proud of is being part of a working group in Brussels that kept fluoride in toothpaste for children under eight at around the same time as the expansion of the European Union. This allowed us to use a public health approach right across Europe. Had the fluoride been taken out of toothpaste the results would have been disastrous. You have also won the John Tomes Medal for dental research across your career.…? Yes, I was delighted to receive the John Tomes Medal and was very honoured. Do you have any plans for the future? I have been asked to be dean for 5 years in the first instance. I may possibly look for a senior post within the university sector. I would like to thank you very much for your time and for participating in our magazine.
Yes, dental services across Europe. I am also working on the 2009 adult dental health survey. Having worked the ‘88 and ‘98 surveys, the 2009, for which the contract is in the process of being finalized, will complete the trio. The thing I am most
Andrew Sullivan EDSA Magazine Co-editor email@example.com Dental Faculty, University of Cardiff Wales, U.K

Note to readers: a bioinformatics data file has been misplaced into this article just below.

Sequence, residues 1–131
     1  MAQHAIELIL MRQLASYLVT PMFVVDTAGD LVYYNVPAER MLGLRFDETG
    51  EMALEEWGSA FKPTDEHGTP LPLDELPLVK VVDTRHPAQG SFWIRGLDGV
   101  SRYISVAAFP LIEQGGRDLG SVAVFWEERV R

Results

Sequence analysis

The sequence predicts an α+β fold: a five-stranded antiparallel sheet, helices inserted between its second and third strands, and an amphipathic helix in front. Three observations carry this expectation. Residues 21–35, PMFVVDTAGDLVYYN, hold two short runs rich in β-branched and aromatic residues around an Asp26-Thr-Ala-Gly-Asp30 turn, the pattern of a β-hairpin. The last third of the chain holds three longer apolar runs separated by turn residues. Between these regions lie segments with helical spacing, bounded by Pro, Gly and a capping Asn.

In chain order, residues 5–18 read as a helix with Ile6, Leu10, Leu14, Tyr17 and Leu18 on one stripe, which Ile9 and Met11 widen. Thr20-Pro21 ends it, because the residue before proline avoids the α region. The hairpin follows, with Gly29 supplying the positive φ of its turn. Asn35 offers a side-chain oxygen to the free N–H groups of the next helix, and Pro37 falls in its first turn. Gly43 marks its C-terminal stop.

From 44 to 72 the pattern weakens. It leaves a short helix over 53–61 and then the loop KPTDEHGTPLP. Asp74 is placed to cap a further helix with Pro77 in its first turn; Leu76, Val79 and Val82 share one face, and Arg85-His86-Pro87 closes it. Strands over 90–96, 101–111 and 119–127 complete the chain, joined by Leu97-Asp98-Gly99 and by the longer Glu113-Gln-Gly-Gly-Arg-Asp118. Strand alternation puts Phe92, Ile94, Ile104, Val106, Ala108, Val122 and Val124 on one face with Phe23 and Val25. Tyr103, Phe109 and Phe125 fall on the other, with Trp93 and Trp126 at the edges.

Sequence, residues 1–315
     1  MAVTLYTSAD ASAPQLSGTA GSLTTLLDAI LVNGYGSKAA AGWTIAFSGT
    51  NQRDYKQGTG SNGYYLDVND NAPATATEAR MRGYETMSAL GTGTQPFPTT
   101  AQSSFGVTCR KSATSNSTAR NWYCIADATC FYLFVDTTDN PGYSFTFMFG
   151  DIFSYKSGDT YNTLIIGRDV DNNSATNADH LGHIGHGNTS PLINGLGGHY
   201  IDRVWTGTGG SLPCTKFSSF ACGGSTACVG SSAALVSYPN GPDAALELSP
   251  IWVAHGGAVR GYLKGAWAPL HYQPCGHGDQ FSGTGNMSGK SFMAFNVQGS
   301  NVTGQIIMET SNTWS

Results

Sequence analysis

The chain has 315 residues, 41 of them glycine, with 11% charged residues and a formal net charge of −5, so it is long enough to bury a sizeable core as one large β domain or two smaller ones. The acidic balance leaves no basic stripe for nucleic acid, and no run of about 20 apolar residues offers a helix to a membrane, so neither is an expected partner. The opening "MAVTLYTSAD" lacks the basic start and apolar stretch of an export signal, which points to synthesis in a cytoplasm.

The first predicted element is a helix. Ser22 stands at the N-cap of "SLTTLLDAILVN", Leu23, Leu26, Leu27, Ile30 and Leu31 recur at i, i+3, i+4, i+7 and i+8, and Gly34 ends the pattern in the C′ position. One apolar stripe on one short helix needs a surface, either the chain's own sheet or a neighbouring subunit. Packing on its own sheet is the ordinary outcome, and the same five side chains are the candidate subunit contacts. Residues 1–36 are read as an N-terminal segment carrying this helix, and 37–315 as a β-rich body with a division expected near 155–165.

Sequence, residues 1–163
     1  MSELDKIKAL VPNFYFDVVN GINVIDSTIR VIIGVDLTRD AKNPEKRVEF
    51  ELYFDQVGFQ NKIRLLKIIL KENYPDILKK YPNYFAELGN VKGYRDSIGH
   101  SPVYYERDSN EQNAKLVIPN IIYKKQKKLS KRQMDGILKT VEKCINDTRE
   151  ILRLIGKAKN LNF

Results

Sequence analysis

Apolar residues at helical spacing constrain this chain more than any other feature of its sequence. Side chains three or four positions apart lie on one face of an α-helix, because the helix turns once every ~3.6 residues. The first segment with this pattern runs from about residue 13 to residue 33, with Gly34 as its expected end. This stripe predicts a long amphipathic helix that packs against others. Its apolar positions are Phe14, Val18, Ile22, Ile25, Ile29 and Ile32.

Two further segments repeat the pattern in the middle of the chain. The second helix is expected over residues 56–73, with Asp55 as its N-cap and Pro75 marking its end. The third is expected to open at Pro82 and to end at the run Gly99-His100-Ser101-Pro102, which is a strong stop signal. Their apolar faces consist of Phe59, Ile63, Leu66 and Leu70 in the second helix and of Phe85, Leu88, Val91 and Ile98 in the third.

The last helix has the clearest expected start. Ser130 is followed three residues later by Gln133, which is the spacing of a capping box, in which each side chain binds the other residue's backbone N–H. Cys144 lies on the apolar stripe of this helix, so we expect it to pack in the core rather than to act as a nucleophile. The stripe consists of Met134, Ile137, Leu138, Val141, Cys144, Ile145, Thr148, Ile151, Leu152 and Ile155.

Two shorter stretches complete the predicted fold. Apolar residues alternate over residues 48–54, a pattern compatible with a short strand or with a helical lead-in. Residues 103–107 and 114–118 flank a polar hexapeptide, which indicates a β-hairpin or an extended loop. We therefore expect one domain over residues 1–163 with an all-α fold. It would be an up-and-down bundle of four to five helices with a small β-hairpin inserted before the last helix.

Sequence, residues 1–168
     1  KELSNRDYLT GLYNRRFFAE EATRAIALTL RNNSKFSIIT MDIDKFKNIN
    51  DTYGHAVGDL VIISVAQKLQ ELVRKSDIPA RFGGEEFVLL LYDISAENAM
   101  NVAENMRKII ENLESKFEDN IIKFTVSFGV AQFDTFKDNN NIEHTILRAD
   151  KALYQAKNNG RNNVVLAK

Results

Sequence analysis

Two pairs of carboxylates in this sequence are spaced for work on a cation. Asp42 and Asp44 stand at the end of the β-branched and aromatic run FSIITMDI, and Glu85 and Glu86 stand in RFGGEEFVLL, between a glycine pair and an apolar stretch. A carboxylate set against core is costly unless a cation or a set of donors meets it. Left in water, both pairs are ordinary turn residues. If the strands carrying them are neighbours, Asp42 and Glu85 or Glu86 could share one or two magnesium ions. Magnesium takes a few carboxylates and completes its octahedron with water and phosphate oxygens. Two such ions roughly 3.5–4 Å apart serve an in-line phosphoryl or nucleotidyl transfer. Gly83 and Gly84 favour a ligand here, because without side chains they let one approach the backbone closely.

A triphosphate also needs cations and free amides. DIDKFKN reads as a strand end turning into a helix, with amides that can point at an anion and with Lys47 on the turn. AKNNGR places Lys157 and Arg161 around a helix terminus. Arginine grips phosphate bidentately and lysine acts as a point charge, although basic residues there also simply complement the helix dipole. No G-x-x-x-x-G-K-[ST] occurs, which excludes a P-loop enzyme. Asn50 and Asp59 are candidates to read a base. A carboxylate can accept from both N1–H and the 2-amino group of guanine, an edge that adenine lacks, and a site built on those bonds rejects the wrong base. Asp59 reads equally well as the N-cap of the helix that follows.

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AISO - The Best For The Italian Dentistry Students SIE (Italian society of Endodontics) SIdCO (Italian society of Oral surgery) AIOLA (Italian academy laser in dentistry) …and many others. These organizations allow us to attend their congress’ at a discounted cost, sometimes even free. A great source of communucation is our website www.aisoweb.org, that can boast a lot of visitors. Furthermore, we have collaborations with the Italian Voluntary Associations such as ‘Overland For Smile’ and ‘Smile Mission’, that have projects all over the world. As National Exchange Officer, I’m really proud that AISO believes in offering the Italian students opportunities to develop their experiences of witnessing dentistry in foreign countries. We also offer opportunities to exchange thoughts and opinions with our european colleagues about our love for dentistry. The collaboration of EDSA and IADS demonstrates the great international spirit we have as dental colleagues. I would like to say thank you for this friendship and hope that it grows into a beautiful and sincere unity. This year, AISO celebrates its 25th year anniversary in Padova. The organization has shown its great goals by aiming high and is looking forward to the future with great enthusiasm. We are aiming to increase our relations with all the associations, that like us, have the same passion and love for dentistry outside their own borders like EDSA and IADS.